Comparison of Electromagnetic Data With Irregular or Discontinuous Surfaces Using the Feature Selective Validation Method




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De Montfort University


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Peer reviewed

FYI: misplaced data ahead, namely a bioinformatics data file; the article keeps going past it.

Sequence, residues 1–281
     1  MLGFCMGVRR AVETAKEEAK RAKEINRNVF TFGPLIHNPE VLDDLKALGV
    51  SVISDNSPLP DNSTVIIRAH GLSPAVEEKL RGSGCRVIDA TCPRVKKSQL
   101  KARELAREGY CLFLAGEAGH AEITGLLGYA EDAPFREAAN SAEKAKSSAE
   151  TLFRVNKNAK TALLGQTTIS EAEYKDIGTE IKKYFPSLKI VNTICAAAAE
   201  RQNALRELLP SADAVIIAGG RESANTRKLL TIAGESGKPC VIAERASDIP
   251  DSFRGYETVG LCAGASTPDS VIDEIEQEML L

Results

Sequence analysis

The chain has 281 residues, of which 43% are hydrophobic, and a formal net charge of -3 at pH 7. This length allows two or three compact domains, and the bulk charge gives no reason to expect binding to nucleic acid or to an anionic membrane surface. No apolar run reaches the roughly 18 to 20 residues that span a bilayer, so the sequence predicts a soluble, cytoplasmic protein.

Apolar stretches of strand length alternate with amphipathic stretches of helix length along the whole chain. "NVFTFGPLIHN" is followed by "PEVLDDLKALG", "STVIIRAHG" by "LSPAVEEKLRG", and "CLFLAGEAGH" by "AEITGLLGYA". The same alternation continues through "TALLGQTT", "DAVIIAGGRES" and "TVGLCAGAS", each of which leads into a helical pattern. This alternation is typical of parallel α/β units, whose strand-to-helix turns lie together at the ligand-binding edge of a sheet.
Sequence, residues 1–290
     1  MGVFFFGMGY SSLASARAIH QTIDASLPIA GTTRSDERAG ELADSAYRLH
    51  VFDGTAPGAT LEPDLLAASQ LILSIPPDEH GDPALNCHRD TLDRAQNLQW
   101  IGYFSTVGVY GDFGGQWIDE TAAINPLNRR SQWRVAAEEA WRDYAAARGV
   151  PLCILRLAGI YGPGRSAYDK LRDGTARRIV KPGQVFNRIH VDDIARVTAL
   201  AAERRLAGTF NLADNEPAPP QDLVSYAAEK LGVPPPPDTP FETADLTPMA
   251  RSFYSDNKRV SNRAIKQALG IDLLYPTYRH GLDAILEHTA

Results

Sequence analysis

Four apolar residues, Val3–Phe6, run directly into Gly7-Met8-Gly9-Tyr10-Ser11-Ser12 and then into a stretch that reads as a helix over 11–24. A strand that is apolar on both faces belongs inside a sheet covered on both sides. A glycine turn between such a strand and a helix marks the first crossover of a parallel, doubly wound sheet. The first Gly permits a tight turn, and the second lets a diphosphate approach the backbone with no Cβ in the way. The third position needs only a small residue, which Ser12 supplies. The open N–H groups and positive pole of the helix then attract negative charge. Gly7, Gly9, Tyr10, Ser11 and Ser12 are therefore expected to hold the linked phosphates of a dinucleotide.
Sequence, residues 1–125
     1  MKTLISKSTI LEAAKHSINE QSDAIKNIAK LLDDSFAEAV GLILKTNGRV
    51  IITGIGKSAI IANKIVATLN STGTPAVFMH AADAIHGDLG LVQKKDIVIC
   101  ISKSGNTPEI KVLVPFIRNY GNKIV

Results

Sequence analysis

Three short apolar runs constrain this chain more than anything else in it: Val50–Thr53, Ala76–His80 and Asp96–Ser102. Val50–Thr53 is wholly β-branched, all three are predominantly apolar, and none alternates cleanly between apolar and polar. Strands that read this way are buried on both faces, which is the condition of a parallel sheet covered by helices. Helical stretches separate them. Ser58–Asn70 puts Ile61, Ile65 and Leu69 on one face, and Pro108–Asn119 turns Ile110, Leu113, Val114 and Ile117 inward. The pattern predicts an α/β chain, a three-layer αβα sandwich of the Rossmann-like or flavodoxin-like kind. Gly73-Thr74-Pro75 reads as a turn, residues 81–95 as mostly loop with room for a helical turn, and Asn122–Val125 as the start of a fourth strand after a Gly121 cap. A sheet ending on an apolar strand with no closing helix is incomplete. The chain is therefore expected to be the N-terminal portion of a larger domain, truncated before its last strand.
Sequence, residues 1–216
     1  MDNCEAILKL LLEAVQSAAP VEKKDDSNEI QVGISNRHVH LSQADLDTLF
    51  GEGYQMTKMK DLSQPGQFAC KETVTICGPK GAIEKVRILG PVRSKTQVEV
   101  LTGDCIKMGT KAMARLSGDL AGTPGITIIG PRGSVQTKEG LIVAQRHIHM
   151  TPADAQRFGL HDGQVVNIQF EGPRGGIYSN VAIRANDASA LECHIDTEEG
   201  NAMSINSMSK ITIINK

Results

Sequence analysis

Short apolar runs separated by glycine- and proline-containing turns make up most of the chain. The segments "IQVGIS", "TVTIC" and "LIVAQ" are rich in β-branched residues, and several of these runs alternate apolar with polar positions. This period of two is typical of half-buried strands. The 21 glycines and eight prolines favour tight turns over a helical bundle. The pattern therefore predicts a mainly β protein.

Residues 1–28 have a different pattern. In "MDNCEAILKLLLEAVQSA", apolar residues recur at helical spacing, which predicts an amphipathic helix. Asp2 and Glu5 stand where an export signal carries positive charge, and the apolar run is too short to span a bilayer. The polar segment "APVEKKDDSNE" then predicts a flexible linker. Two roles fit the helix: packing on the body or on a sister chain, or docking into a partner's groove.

In the field of Computational Electromagnetics, validation is a formal process to ensure the expected behaviour of the model. The Feature Selective Validation (FSV) method was originally developed to aid the validation of computational electromagnetics, and particularly electromagnetic compatibility (EMC). Since then, it has been adopted by the IEEE Standard for Validation of Computational Electromagnetics Computer Modelling and Simulations 1597.1 and used in a variety of other applications. The FSV method quantifies the difference between two sets of original data using a reliability function based on the decomposition of the data into a number of component parts that are then combined using a weighted scheme, giving a number of presentations of the comparison data. From the literature review, it is identified that the FSV method has been applied for various structured data like the S-parameter, radiation pattern, efficiency, and gain of an antenna. Since the original development of the FSV in the field of computational electromagnetics, more complex data like surface current, electric, and magnetic field outputs from Ultra High Frequency (UHF) devices are represented in 2- (or higher) dimensional image formats with irregular shapes, which are non-rectangular structures including features such as spaces or gaps within the device structure. However, performing FSV on such image data is challenging, particularly to avoid non-contributing spaces or voids in the image structure dominating the comparison results. This thesis discusses in detail a methodology developed to perform 2-Dimensional FSV on 2-Dimensional regular (rectangular and square) shaped images by segmenting the image into multiple blocks. In each block, 2-Dimensional FSV is performed separately, and then the outputs from the segmented blocks are concatenated to form the original 2-Dimensional image. Finally, the FSV outputs from the segmented approach are compared with the FSV outputs obtained from the original (full) structure, and the results are analysed using a non-parametric statistical test, which shows that the approach leads to results that support the proposed solution of comparison by segmentation and recombination. The proposed method is demonstrated on regular and irregular images to allow a detailed analysis.





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